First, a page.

By the end of 1862, Massachusetts had lost a great number of men to the war effort. As a result, President Abraham Lincoln and Gov. John A. Andrew continued to recruit for the "rescue and defense" of the country. The war was long and gruelling, but as a result of sacrifice, freedom was purchased by blood.
After the Union claimed victory at Antietam in September 1862, President Lincoln, who had been waiting since July for such an opportunity, made a preliminary announcement of his Emancipation Proclamation, signifying a major shift in Northern war aims. To some degree, emancipation was a pragmatic attempt to use former slaves against the Confederacy, but the North also needed a cause of the highest moral caliber to justify the sacrifices that would be necessary as it remobilized for a longer and bloodier “hard war."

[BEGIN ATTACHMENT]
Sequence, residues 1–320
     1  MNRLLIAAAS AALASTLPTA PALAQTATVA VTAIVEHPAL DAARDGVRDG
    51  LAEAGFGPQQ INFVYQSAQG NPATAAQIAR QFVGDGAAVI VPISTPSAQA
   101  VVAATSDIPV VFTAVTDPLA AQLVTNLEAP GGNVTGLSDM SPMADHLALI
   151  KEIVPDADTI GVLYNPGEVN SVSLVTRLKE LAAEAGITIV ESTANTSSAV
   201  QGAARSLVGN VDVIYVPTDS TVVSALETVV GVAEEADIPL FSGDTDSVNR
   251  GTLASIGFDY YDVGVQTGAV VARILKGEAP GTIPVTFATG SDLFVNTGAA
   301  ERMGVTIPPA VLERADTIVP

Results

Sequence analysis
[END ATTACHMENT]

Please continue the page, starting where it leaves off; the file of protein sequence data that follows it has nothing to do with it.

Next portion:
Exhibition: October 2011 to January 2012
The Massachusetts Historical Society's exhibition The Purchase by Blood: Massachusetts in the Civil War, 1861-1862 follows a small group of officers--husbands, brothers, and friends of the first families of Massachusetts--through the first years of the Civil War.
MHS Commemorates the Civil War
The Massachusetts Historical Society is recognizing the 150th anniversary of the Civil War with online presentations of manuscripts and photographs selected from its collections, as well as programs, exhibitions, and educational materials. Visit our subject hub.